Bluegrass Distillers to open distillery in Midway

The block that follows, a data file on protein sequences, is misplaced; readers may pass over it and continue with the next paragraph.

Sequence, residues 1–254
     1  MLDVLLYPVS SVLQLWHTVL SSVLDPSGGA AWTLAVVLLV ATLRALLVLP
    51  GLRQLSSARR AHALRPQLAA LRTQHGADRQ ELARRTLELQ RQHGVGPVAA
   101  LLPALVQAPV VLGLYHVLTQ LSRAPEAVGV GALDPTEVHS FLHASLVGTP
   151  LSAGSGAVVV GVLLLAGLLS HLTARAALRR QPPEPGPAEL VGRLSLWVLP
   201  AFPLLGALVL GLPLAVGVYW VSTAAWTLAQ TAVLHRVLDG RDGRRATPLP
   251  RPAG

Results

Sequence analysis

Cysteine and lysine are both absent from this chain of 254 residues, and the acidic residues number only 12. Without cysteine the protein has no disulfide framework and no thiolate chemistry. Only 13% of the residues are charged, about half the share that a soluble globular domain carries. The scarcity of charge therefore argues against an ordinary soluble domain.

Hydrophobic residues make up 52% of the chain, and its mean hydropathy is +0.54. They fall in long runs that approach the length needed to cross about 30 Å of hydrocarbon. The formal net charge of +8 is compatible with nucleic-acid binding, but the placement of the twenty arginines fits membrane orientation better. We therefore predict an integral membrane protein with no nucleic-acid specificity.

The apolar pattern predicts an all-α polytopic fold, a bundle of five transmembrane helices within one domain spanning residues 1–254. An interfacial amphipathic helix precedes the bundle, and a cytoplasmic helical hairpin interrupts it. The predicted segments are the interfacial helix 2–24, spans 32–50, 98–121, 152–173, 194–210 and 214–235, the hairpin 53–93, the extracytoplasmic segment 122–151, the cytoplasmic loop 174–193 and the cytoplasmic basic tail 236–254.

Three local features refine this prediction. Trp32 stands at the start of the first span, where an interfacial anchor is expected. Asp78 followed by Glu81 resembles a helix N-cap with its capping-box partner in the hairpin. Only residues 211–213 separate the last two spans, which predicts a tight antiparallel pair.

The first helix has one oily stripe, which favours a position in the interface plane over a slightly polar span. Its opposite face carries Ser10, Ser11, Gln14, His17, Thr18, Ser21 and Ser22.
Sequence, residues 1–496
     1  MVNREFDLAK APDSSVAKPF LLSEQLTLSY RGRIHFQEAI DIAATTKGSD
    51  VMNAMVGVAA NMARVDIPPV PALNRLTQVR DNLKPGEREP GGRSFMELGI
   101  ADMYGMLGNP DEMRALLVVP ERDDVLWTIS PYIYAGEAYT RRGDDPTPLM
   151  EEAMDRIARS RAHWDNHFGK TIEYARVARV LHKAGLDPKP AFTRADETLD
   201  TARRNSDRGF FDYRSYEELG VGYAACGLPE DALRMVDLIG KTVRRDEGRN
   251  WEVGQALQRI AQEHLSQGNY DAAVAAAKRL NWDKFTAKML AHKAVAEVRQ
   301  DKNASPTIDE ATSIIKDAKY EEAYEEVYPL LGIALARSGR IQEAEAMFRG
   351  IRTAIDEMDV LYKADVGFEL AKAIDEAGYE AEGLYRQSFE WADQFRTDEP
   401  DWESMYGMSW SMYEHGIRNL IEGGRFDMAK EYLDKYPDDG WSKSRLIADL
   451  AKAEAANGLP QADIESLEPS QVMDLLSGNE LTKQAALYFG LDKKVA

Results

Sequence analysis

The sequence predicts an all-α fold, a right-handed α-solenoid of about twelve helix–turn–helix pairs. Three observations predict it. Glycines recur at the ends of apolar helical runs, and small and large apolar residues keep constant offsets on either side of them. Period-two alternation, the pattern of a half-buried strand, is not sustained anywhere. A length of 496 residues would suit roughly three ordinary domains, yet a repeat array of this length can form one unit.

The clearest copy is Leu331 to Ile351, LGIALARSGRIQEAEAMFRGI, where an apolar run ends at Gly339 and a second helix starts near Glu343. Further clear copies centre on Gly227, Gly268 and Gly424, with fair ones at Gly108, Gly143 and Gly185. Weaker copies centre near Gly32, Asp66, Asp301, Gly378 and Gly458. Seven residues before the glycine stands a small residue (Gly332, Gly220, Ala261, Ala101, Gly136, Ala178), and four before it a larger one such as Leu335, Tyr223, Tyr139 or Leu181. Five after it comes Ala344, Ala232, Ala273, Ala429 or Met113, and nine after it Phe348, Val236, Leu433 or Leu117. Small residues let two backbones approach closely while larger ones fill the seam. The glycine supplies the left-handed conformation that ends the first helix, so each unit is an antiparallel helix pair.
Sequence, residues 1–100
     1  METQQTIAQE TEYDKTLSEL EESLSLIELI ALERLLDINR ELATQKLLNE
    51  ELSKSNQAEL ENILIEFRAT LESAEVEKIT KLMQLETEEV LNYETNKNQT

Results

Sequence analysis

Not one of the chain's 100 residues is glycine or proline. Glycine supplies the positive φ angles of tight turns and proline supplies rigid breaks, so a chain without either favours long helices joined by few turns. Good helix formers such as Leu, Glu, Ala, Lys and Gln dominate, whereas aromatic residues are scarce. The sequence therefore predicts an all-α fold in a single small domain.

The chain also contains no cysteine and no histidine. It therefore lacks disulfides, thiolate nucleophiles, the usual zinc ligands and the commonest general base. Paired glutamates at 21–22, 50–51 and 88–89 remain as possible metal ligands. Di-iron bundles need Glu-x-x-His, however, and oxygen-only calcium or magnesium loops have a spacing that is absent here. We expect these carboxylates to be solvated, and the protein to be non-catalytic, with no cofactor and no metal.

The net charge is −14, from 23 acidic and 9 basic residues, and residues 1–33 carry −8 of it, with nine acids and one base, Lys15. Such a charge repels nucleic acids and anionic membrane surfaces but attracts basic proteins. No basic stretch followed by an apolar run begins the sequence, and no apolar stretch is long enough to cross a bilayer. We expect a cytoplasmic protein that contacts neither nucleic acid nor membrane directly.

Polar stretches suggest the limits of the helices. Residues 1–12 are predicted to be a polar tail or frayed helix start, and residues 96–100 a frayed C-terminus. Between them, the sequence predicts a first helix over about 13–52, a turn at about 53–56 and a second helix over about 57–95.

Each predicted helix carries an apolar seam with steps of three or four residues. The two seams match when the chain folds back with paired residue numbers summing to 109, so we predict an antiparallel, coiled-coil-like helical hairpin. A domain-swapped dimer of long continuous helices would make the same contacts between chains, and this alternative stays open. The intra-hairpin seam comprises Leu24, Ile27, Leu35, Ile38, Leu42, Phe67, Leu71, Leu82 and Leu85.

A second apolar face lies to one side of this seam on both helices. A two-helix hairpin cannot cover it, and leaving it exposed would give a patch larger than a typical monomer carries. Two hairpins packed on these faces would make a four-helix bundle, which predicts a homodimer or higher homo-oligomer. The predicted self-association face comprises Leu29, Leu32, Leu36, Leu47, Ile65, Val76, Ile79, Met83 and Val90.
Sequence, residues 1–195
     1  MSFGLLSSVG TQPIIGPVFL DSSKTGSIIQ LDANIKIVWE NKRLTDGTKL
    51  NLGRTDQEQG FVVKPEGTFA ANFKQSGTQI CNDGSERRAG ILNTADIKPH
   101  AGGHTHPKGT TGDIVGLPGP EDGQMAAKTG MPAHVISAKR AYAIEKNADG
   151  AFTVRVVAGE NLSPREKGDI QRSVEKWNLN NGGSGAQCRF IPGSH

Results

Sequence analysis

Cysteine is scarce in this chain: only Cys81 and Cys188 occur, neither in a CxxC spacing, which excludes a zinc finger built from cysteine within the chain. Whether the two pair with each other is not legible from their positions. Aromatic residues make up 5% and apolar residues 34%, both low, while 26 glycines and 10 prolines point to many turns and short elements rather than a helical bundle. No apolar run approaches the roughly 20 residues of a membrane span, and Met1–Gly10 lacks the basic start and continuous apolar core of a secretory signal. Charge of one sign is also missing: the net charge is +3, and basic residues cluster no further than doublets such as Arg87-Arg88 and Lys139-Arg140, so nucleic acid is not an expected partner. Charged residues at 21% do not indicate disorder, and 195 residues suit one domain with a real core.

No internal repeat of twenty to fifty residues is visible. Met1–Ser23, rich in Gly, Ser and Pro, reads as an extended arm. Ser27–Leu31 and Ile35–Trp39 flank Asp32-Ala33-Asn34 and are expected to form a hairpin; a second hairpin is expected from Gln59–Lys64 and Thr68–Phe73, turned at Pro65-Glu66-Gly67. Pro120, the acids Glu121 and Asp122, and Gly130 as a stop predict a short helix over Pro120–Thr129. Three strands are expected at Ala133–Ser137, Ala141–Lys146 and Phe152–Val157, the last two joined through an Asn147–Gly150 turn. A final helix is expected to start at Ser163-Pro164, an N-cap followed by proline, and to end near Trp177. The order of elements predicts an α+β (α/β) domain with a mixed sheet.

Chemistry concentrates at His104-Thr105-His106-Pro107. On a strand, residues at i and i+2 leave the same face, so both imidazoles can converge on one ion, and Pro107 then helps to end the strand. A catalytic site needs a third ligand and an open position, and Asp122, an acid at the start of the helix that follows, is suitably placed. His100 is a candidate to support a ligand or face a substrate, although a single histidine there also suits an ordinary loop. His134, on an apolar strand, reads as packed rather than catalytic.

A conditional-use permit was approved Monday that will allow Bluegrass Distillers to move forward with its plans to open a distillery and tourist destination in Midway. Sam Rock of Bluegrass Distillers told the Board of Adjustment (BOA) during a public hearing that a distillery use is consistent with the ordinance regulating the A-1 (agriculture) zone “because it is truly an agricultural processing plant.” People visiting the distillery will see the entire process from growing corn on the farm to distilling and finally housing the bourbon whiskey in barrel warehouses, Rock said. The historic main residence, a smaller house and existing barns (which are on the National Register of Historic Places) as well as new structures will be used in the distillery operation, according to the application for the permit. “Not only will we be showcasing this beautiful land and the house and talking about the history of the families and how they supported themselves through the use of the land … but also how we’re bringing that to life …,” said Rock. “It’s truly going to be a great use of the land and a fantastic tourist destination,” he added. The Lexington-based Bluegrass Distillers, LLC has an option to purchase the front 61.67 acres at 158 West Leestown Road from Elkwood Farm, LLC. The Mitchell family has owned the farm since the late-1930s and its main residence was built in 1835, according to a staff report given to BOA members. The report noted that 20.5 acres is zoned agriculture (A-1), which necessitated a conditional-use permit. The remaining 41.5 acres is zoned I-1 (light industrial). Rock said it wouldn’t be a problem to locate the barrel warehouse on the land zoned for industrial uses. When asked about how much bourbon whiskey will be produced, he said perhaps 1,000 to 2,000 barrels a year initially. He noted Bluegrass Distillers, which has been in business since 2013, currently produces 12 barrels “on a good month … So this is a major ramp-up for us.” Courtney Roberts and Lucas Witt of the Woodford County Economic Development Authority voiced their support for the project. “We’ve been very excited to see this come to fruition,” said Roberts, EDA vice chair. “It’s just an exciting use.” Witt, interim executive director of EDA, said there will be significant investment and new job growth in an industry that Woodford County has led the country in for a long time. In September, Midway Mayor Grayson Vandegrift told the council the distillery will employ 18 people. Before Bluegrass Distillers can move forward with its plans to develop a distillery and tourist destination at 158 West Leestown Road, the Planning Commission must approve a development plan and construction plans must also be approved. The proposed distillery will be located on property at the northeast corner of I-64, West Leestown Road and Ky. 341 (Georgetown Road), according to the BOA staff report. Downtown hotel permit A conditional-use permit was unanimously approved that allows Eric Carrico to operate a hotel/motel on the second and third floors of the historic building (known as the old Woodford Hotel, built in 1800) at 108, 110 and 112 North Main Street in downtown Versailles. Carrico, who intends to purchase the property from owner John Hall after getting approved for the permit, said he and his wife, who live in Louisville, have spent a lot of time visiting Versailles. He said offering short-term rental apartments in the heart of downtown will give people “a central place” to stay while visiting local distilleries, other tourist attractions and attending races at Keeneland. The eight apartment units will have a maximum of 32 occupants, according to the staff report given to BOA members. Two offices, a photography studio and two beauty salons are located in the first-floor commercial spaces of the building, the staff report stated. Coffee shop permit The BOA approved a conditional-use permit for a coffee shop drive-thru at 120 A.P. Indy Lane. The .85-acre lot is located in the Equestrian Park commercial development on Lexington Street (former Woodford County Middle School property) near downtown Versailles. The lot, which is currently vacant, is split-zoned, so a permit was necessary because the drive-thru will be partially located in the B-1 (neighborhood business) district. The building proposed on the lot will have two leased spaces so another, unnamed business can also locate there, project architect Jeff Owens told the BOA. Bed & Breakfast The BOA unanimously approved a conditional-use permit allowing Franklin T. and Mary E. Lassiter to operate a bed and breakfast/inn, with two guest rooms as a vacation rental, at 534 Shady Lane near Midway. A long-term renter living in a nearby residence on the property will serve as the owner’s agent to meet a condition for operating a B&B, Mary Lassiter told the BOA.